Going digital

Feb 18, 2019

Sunday Business Post, 17 February 2019
Businesses take a keen interest in any rule change which might impact on their income and how they collect it.  The same holds true for governments whenever changes are proposed at an international level on the cross-border tax system.

Details of such proposals materialised this week in the form of an OECD consultation on the taxation of the “digitalised economy”.  The OECD, under an initiative sponsored by the club of wealthy nations, the G20, has been looking at the issue of how to tax companies operating in the digital economy for quite some time.  The issue was a strand of their Base Erosion and Profit Shifting project (BEPS) which commenced in 2013. 

BEPS has driven many changes in the international tax landscape, not least the outlawing of some of the more egregious devices used by multinationals to move profits into low tax jurisdictions, or take them out of the charge to tax altogether.  However BEPS was inconclusive on how the digital economy might be taxed.  This consultation is part of a second attempt to work it out.  In effect it’s BEPS 2.

It's useful to bear in mind how the current tax system works to better understand what BEPS 2 is about.  At the moment, companies are taxed, like individuals, based on where they reside.  Sorting out where an individual resides is usually straightforward – you count the number of nights spent in a country and if a particular threshold is passed, the individual is deemed to be tax resident there.  It’s a question of fact. 

The tax residence rules for companies are little different, and have to do with where the company is incorporated, where it is managed and controlled, and the extent to which it might have a physical presence (like a shop) in another country.  These rules still work fine for the most part.  If I buy a product from a company in Ireland, the profits arising to the company on the sale of the product are taxed in Ireland, and that is the end of the matter.  But trade in a digitalised economy is not so straightforward.  Consumers in Ireland can buy products locally, or can order online from companies in almost any corner of the globe.  Not only that, some services can be purchased and delivered entirely online.  Do the tax residence rules for companies still give all the right answers for the exchequers of countries where the business is being done?

Some think not, and that companies should be taxed more by reference to where their markets are, rather than where they might have a management or physical presence.  That's an attractive proposition for larger economies with larger markets (and remember the OECD work here is sponsored by the larger economies).  For smaller countries such as Ireland, this line of thinking might not be such a source of delight.  However, the experience of BEPS 1 has not been negative for this country.  Corporation tax receipts are solid and make up some 18% of the country’s overall tax take, which is high by international standards.  There are lessons from BEPS 1 which may be usefully applied in considering the taxation of the digital economy under BEPS 2.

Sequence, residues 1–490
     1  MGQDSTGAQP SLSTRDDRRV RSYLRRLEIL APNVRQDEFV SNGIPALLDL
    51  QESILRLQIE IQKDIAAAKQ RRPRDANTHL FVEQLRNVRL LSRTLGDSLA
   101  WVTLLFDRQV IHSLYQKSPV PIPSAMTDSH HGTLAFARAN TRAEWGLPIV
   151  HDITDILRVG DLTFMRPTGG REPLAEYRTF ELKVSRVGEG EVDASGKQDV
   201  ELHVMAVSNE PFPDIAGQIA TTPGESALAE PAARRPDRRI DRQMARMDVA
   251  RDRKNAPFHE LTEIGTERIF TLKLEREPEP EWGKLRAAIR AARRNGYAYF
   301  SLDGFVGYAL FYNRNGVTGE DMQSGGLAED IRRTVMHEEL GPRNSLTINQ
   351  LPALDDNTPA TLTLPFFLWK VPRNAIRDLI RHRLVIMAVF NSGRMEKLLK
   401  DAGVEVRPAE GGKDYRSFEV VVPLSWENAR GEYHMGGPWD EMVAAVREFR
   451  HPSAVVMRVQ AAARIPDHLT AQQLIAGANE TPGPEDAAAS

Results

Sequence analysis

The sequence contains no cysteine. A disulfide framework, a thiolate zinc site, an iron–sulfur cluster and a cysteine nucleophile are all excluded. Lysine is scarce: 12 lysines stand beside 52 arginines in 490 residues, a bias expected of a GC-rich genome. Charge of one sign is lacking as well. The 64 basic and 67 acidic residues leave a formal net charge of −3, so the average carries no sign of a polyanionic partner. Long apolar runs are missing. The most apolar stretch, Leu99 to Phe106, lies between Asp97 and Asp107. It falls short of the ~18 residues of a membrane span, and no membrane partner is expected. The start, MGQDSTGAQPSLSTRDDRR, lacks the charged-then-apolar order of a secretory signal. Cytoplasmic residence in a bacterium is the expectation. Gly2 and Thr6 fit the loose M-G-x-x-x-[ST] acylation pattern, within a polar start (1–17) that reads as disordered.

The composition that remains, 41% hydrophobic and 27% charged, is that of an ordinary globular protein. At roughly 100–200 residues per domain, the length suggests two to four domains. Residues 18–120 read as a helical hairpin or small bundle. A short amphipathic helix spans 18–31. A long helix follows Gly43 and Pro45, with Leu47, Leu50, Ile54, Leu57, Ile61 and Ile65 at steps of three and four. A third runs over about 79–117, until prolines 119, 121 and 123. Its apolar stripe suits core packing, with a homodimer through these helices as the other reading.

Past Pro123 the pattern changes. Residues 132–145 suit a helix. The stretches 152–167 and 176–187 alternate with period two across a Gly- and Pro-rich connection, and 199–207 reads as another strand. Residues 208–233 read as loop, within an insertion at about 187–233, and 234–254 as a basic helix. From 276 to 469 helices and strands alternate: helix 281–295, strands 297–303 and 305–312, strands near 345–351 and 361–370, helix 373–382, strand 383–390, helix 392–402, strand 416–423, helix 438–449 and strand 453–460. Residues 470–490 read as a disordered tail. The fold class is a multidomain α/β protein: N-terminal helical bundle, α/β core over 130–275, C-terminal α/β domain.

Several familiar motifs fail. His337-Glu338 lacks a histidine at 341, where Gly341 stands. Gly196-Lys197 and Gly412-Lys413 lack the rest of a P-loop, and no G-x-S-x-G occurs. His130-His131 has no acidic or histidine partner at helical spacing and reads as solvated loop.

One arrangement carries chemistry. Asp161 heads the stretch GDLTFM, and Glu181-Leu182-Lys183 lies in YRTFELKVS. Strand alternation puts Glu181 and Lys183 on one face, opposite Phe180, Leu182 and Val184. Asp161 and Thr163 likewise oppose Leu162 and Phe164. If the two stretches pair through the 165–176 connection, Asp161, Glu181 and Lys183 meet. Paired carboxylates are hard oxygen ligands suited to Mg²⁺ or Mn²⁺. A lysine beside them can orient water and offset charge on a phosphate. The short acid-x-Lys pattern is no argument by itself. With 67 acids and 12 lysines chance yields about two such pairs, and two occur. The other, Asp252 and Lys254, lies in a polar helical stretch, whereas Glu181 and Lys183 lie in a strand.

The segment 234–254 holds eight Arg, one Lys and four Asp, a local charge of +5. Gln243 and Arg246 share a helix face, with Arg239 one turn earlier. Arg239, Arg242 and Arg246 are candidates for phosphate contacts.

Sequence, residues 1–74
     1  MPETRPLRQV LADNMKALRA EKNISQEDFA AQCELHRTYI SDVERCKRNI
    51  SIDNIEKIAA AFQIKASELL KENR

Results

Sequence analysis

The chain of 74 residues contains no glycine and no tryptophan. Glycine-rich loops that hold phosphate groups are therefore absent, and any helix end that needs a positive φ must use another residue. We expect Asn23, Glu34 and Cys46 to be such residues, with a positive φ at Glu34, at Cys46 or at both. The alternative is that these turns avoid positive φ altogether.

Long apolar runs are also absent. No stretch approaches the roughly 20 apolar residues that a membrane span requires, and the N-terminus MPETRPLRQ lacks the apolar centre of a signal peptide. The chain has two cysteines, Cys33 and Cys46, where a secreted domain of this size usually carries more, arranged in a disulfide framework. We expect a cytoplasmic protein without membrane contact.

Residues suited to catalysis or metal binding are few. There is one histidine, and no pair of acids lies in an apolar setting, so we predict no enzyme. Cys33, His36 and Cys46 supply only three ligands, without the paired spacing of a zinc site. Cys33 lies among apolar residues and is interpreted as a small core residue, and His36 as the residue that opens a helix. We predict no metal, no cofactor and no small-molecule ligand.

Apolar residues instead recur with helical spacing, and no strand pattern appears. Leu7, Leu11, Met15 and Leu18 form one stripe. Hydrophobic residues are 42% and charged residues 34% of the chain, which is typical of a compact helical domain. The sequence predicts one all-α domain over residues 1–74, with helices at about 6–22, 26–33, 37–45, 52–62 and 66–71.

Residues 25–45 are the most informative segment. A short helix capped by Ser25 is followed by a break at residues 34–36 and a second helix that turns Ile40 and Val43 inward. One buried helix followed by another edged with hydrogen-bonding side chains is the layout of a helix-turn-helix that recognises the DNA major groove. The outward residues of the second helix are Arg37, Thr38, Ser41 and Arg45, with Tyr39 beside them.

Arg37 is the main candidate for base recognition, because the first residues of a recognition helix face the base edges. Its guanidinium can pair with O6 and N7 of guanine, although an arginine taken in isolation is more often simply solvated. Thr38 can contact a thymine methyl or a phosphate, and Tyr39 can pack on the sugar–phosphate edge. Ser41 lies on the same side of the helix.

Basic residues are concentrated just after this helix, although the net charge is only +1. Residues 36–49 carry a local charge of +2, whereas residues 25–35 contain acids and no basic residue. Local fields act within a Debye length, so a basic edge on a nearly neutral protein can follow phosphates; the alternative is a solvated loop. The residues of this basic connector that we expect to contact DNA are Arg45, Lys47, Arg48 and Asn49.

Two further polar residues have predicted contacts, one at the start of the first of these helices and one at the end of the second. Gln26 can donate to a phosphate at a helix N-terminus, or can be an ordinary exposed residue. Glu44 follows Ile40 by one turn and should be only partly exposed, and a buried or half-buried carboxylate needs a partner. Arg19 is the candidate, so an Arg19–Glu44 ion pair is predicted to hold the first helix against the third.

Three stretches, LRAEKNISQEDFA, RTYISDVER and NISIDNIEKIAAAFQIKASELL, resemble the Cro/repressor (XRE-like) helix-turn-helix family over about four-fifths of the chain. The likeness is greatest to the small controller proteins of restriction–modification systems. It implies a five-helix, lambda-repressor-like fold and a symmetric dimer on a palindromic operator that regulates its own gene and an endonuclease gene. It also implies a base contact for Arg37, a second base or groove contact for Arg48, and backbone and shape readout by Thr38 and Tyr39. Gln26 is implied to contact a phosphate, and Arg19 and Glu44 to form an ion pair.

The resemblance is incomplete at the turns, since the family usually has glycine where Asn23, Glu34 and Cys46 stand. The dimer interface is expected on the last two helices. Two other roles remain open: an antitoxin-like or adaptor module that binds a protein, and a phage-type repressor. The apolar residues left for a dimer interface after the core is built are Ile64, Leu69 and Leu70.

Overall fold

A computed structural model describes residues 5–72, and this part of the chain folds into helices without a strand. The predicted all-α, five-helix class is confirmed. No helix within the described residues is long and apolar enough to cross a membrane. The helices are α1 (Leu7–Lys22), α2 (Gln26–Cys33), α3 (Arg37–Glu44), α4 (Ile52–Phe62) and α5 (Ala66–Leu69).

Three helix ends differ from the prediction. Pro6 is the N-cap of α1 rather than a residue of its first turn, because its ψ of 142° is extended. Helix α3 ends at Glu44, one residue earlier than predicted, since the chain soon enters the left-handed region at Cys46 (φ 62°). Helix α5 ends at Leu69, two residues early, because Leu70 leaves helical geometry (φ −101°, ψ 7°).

The first lesson is that countries which don't play ball with the OECD process quickly fall out of favour.  I've yet to see compelling evidence that BEPS 1 resulted in multinational companies paying more tax overall, but what is clear is that the manner in which the tax was distributed across countries changed.  Countries like Ireland which adopted BEPS initiatives quickly, thereby granting some certainty to companies and their investors, seemed to fare better.  Whatever else we do about the BEPS 2 process, we have to engage with it.

The second lesson is that even acknowledging when changes are necessary, individual countries will jealously guard their own interests.  No government will willingly surrender national revenues in the interests of achieving a nobler international tax system.  In practice, that means that changes to tax law as a result of BEPS have tended to be incremental rather than radical, and that in turn should mean that companies will be able to cope with many of the possible future outcomes. 

And finally, the approach of the US to BEPS 2 is critical.  I believe that the previous Obama administration may have been less enthusiastic about the BEPS process than the current Trump administration.  As one observer put it this week, albeit in a different context, “America First” doesn't necessarily mean “America Only”.  As well as reducing the headline corporation tax rate, the US Tax Cuts and Jobs Act of 2017 also carried out some heavy lifting towards eliminating cross-border tax arbitrage.  US Treasury officials certainly regard their new company tax rules as BEPS compliant.  Whatever steer or leadership the US provides to BEPS 2 will be key to its success or otherwise.

Perhaps the main concern that Irish businesses should have about BEPS 2 is the increased compliance burden to cope with future tax rule changes, and the costs that will inevitably follow.  On past experience, much of the additional work of dealing with cross-border corporation tax will be devolved by revenue authorities to taxpaying companies.  That overhead will offer little commercial benefit to the companies affected. 

If only for that reason I'd encourage any company with international trade of any scale to take a look at what the OECD is proposing, and offer some comment.  These proposals are of interest, both from a commercial standpoint and nationally.  It would be a shame if the BEPS 2 outcomes hamper Irish interests simply because we failed to engage.

Brian Keegan is Director of Public Policy and Taxation at Chartered Accountants Ireland